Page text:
The State vs. Charlie Gard

The Charlie Gard case in England is tragic.  Tragic, certainly, because of the emotional turmoil forced upon an otherwise-normal family in the U.K., but even more tragic because it shows the tragic error that leftists are trying to force on the American people when it comes to government run health insurance—which they love to pretend is the same as “healthcare”, which it’s not.

According to Wikipedia, “Charlie Gard (born August 2016) is a British boy with a rare genetic condition known as mitochondrial DNA depletion syndrome. While receiving treatment at Great Ormond Street Hospital, decisions about his care were taken to various law courts, where a ruling was made that the hospital could lawfully withdraw all treatment save for palliative care. This went against the wishes of his parents, Chris Gard and Connie Yates from Bedfont, London. They campaigned to keep him alive on life support and travel to the United States for experimental treatment despite doctors and judges saying it would not help and would cause him “significant harm”.   On 24 July 2017, the parents ended their legal challenge.”

The first part of the case, from an admittedly partisan U.S. perspective was that a series of what I like to call “death panels” decided that Charlie would be denied treatment, over the objections of his parents.  His parents even went to the length of raising a great deal of money to have the youth treated overseas—and they were then denied permission to take him overseas.

The root question here is who has the power to make—and enforce—decisions about a person’s medical treatment.  Is it the person themselves?  (Or, in the case of a youth, their legal guardian?)  Or is it the state and its surrogates?  I would submit that any system that insists that the government has that authority is simply nothing less than totalitarian.  And yes, I do realize that I’m talking about my close friends in the U.K..  But this is Kafkaesque.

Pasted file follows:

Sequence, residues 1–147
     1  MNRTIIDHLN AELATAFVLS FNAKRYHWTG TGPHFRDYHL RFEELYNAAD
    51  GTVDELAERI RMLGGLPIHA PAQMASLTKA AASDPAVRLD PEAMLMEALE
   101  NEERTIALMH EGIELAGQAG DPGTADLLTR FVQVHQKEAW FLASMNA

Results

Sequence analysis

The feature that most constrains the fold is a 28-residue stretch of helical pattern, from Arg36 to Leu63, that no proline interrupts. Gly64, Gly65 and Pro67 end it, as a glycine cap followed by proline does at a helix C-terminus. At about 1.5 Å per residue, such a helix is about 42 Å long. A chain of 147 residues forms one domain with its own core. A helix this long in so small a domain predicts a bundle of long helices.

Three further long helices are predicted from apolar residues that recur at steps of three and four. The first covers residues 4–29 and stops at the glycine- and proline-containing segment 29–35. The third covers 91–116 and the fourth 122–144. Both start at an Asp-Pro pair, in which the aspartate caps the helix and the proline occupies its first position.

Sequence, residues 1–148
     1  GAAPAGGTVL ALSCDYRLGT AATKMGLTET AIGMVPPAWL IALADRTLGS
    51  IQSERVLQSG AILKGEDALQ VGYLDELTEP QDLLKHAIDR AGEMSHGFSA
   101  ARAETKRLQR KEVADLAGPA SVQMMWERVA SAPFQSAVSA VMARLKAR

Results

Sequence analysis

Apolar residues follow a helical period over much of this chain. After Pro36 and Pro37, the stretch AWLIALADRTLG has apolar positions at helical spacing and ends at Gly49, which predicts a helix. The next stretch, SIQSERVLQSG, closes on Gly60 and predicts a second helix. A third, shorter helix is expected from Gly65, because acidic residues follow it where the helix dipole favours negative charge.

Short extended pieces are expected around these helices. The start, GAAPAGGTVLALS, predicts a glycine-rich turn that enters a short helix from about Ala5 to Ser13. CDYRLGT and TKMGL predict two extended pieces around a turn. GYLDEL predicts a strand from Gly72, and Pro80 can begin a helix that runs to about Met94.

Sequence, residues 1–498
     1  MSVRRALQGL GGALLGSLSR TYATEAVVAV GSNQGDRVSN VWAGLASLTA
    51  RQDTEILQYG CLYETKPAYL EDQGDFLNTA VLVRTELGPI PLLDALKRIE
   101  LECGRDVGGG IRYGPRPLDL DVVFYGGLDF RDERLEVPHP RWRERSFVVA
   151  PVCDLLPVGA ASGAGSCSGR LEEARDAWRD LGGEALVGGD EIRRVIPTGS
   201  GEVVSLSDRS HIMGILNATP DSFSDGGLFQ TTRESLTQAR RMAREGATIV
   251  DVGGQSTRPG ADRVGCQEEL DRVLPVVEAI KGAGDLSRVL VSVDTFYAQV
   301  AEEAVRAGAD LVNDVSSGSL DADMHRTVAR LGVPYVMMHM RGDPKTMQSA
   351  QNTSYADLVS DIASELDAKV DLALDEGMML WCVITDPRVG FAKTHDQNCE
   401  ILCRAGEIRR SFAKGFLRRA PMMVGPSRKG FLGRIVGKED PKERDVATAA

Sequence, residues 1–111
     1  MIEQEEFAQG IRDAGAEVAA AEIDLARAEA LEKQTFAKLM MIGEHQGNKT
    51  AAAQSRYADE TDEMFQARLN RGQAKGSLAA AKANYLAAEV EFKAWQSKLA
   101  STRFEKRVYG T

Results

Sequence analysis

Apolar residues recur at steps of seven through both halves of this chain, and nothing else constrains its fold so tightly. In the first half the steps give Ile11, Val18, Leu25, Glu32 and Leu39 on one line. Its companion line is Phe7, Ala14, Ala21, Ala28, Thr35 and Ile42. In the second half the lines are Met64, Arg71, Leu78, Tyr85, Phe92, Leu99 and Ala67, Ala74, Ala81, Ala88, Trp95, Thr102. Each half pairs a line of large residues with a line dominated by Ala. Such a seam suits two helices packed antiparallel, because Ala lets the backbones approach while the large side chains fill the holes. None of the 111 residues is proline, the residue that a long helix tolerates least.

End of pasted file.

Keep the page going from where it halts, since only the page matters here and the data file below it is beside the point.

The second part of the case is, if anything, even worse.  After conceding that the legal steps that the state forced upon them had caused delays in treatment that made further treatment ineffective—in other words, the state had condemned this innocent young boy to death—they were denied permission to take him home to die.

This dwarfed the previous totalitarian behavior.  Now, in addition to condemning an innocent person to death, they have falsely imprisoned him.

I find it hard to believe that the apparatchiks in the British government who perpetrated this outrage were acting in any other way that to overtly assert the power of the state.  This was particularly necessary in the wake of the Brexit referendum, where the British people rose against the wishes of their overlords—and I believe that, at some level, whether consciously or unconsciously, the Charlie Gard case was the state reasserting its authority.

This is a great example to cite when leftists assert that they want “single-payer” healthcare:  Do you really want your son or daughter to be the U.S. version of Charlie Gard?  I sure don’t.

Edited:  Less than one hour after I posted the article above, it was anounced in the press that Charlie Gard has died.  RIP.  And shame on his tormentors.

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